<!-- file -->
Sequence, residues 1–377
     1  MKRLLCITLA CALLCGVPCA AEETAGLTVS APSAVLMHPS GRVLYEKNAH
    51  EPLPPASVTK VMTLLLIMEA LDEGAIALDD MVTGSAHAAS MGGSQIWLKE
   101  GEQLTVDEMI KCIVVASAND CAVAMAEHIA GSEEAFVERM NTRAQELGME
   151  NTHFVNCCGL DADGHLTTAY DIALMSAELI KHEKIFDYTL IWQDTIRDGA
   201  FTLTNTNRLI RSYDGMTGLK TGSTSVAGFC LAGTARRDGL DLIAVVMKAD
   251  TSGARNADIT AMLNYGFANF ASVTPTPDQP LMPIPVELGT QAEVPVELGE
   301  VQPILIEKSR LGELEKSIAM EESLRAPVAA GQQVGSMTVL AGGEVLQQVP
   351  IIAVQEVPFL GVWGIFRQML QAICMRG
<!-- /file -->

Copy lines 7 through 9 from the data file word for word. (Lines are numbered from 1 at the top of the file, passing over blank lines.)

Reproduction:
   251  TSGARNADIT AMLNYGFANF ASVTPTPDQP LMPIPVELGT QAEVPVELGE
   301  VQPILIEKSR LGELEKSIAM EESLRAPVAA GQQVGSMTVL AGGEVLQQVP
   351  IIAVQEVPFL GVWGIFRQML QAICMRG